Increasing power efficiency and reliability in portable industrial design

26 SEPTEMBER 2011

The latest microcontrollers introduce features which increase battery life and reliability in portable industrial designs, as David Otten and Joel Mach of Microchip Technology Inc., explain.

Portable industrial equipment, such as barcode readers, data-loggers, trackers, noise-cancelling headphones, small motor controls and battery chargers have one thing in common: the combination of the latest microcontrollers and simple design techniques can significantly extend battery life, reduce cost and improve performance.

Extending battery life
One of the key techniques for extending battery life is to keep the microcontroller in its lowest possible power mode for the longest possible time. Figure 1 shows how high operating speeds and short wake-up times can be combined to reduce average power consumption. The goal, therefore, is for a microcontroller to complete its work in the shortest possible time, so that it can spend more time in a low-power state.

Figure 1: Microcontroller current consumption versus time

A microcontroller that supports low-voltage operation is also crucial for maximising battery life. Figure 2, reproduced courtesy of Energizer, shows the usable life span of an alkaline and lithium coin-cell battery in a typical data-logger, where most of the time is spent in a low-power state, with an occasional wake-up to process information. The graph shows that, by operating on a lower voltage, the recommended five-year life of alkaline AAAA batteries can be extended by an additional six months.

Figure 2: Effect of low-voltage operation on battery life. Graph courtesy of Energizer@Eveready Battery Company, Inc.

Increasing reliability
The microcontroller’s oscillator impacts on many areas of system performance, cost, manufacturability and reliability. The latest microcontrollers not only operate at higher speeds, but are capable of running at full speed without an external clock source and provide a wide range of internally generated clock frequencies. This allows the software to switch to a lower frequency to remain within the operating specifications as the voltage drops, or to increase speed when a power source is attached.
Achieving a reliable crystal start-up is another common manufacturing challenge. The causes of unreliable startups include variable component quality, flux residue and oversights in the layout. Many of these problems can be avoided by ensuring that the crystal is of high quality and implementing layout and test techniques, such as the negative resistance tests, available from crystal and microcontroller manufacturers.
For low-frequency circuits in particular, configurable crystal biasing can be useful. This allows the bias to be increased to ensure reliable startups across a variety of conditions, or decreased to reduce power consumption. One feature which is essential for improving reliability is the fail-safe clock monitor which continually monitors for system clock transitions. When a few transitions are missed, the fail-safe clock monitor automatically switches the clock source to the internal oscillator and interrupts the CPU.
This allows the microcontroller to maintain critical functions and to perform a controlled shutdown.
Another factor which impacts on reliability is that on-board data EEPROM is often replaced by software emulation using Flash memory, despite the fact that some applications still need independent data storage. New-generation microcontrollers integrate high-endurance data EEPROM, with up to 100K erase/write cycles, whilst still remaining cost effective in portable industrial applications. However, consideration should be given to the minimum voltage range for write operations, which can be higher than the minimum operating voltage of the microcontroller, which limits the effective operating range.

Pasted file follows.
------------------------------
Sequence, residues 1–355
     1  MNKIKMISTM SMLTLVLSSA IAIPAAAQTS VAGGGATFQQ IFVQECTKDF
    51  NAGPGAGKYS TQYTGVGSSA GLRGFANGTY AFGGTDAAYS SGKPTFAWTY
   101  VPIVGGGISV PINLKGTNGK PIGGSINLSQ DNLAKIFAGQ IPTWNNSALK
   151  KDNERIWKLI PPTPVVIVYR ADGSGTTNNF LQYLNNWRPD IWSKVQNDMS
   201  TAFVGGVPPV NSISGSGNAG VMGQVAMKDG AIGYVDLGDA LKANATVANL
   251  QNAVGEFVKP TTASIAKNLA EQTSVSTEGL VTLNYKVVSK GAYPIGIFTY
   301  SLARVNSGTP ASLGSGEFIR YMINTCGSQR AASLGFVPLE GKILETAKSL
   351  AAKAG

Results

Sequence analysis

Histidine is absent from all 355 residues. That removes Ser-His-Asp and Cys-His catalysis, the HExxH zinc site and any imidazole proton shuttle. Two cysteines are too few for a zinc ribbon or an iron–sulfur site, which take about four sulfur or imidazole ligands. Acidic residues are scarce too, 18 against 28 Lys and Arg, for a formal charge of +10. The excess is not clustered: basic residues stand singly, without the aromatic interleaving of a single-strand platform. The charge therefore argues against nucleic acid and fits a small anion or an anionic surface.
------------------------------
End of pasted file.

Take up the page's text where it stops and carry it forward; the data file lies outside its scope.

Managing noise
Although low-voltage microcontrollers can be used in applications which require high reliability, using a 5V supply can simplify board layouts, increase noise immunity and improve support for legacy designs. However, as geometries shrink, the availability of new 5V microcontrollers is diminishing. In response to the continued demand for 5V operation, chip manufacturers have developed new ways to operate at higher voltages using smaller, less-expensive geometries.
To further improve noise immunity, different types of input-buffer, used on the port and peripheral pins, support different functions even though they are multiplexed on the same pin. Schmitt trigger inputs offer wider input thresholds than their TTL counterparts and increase the system’s tolerance to noise.

Figure 3: Flow-meter using a PIC® microcontroller

High port drive strength is another important design consideration which goes beyond directly driving LEDs. High port drive strength prevents unwanted coupling near noisy circuits, such as switching regulators and high-speed PWM signals. The potential tradeoff for increased radiated noise can be offset by using a small RC filter on the port pin to maintain the benefits of high drive strength.
A good example of the topics discussed in this article is the flow meter, shown in Figure 3. The microcontroller’s integrated Charge Time Measurement Unit (CTMU) reads the meter’s flow, temperature and capacitive touchpad. Battery voltage is monitored using a 12-bit differential Analog-to-Digital Converter (ADC) and voltage reference, whilst the ultra low-power wake-up module initiates periodic wake-ups. This design demonstrates that using the features offered by the latest microcontrollers can achieve a design which is both robust and low-power as well as capable of achieving high levels of performance.

www.microchip.com

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